Long, long ago, I spent a summer and the subsequent holiday season as a Benetton vendeuse. The pay was lousy, but my wardrobe was greatly enhanced.

Although it sparked no career aspirations, there was something satisfying about the work. It wasn't until I read this that I realized how appealing it was to my OCD aesthetic: all those crisply uniform stacks and rows.

Like the people in the article, I kept my own clothes (and linens) in the same manner until fate, cruel fate, intervened.

Finger-lickin' Good

From Terry, who's always hungry for a tasty treat.

Wednesday, July 09, 2008

Today's Top Story

From Christine.

Bacon Bits

Having come across a rash(er) of bacon stories lately, I'm beginning to think there's almost nothing you can't do with it. As with many things, though, the fact that you can doesn't mean you should.

If you're artistically inclined, you could put your mind to something like this. (I personally think the Parthenon is crying out for it.) You'll build up an appetite for sure, so you'll want to have a snack on hand. Maybe even something substantial. And you'll definitely want to follow up with this; your dentist will thank you.

Sources: Neatorama, Dlisted, OMG Blog
A roofer uses his cell phone while being tied with a security rope to the sculpture adorning the roof of the Royal Chapel of the Chateau
de Versailles on June 30. (AP/Remy de la Mauviniere)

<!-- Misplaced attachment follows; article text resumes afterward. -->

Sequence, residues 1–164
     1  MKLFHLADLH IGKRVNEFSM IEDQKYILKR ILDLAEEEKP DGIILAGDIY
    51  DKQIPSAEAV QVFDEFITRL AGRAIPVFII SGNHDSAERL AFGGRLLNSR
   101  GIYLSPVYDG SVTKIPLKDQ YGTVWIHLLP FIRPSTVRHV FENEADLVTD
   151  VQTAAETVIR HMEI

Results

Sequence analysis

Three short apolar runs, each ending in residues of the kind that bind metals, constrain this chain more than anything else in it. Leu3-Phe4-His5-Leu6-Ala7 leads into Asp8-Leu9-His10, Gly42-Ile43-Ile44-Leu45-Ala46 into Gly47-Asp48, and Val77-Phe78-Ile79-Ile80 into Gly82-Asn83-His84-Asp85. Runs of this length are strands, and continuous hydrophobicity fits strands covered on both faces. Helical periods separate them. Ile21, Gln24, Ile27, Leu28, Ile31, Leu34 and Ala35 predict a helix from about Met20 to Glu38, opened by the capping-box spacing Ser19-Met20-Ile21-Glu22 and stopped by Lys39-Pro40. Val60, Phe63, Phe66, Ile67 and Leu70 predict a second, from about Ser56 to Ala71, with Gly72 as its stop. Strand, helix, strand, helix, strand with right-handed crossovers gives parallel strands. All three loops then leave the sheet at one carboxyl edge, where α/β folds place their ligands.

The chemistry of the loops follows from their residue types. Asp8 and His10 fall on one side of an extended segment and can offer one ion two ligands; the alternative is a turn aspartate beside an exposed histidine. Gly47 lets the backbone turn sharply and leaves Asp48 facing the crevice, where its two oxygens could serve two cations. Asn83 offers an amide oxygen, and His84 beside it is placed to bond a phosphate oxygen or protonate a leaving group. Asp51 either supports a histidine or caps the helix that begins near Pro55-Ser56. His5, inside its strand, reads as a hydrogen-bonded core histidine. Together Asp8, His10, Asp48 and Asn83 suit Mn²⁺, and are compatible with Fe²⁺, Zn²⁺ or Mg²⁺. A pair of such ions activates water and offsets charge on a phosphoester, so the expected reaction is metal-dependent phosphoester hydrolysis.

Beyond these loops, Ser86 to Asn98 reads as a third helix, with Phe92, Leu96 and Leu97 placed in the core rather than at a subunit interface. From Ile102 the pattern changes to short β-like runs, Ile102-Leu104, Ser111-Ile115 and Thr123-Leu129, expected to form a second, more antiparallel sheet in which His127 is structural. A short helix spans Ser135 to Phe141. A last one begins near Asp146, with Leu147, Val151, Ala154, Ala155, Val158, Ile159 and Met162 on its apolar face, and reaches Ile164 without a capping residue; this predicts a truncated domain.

From Riley.

Tuesday, July 08, 2008

"A happy childhood has spoiled many a promising life."
Robertson Davies

Far Out

Freako Suave

The fine art of seduction ...

Listen and learn, kids. Listen and learn.
Two young passengers settle down to their comics as
their train leaves London's Victoria Station, 1939.
(Tim Gidal/Picture Post/Getty Images)

From Riley.

Monday, July 07, 2008

"He attacked everything in life with a mix of extraordinary genius and naive incompetence, and it was often difficult
to tell which was which."
Douglas Adams

Check, Please

One of the few perks of being an Amyotrophic American - besides the primo parking - is that I don't have to pay income tax or even file a return. My gubmint cheese and its private counterpart are nontaxable, and the interest on my "savings" is well below the threshold.

I was therefore surprised when Dan suggested I apply for a stimulus payment: "How can I get back money I didn't pay?" But he double-checked the criteria, we sent off a brief form, and hell if I didn't get a check last month.

Mine went straight into the bank - sorry, Dubya - but other people had specific plans for theirs.
Two men in drag costumes pose at the Gay Pride parade on July 5 in London. The parade consists of celebrities, floats, and performers celebrating the UK's largest gay and lesbian festival. (Peter MacDiarmid, Getty Images)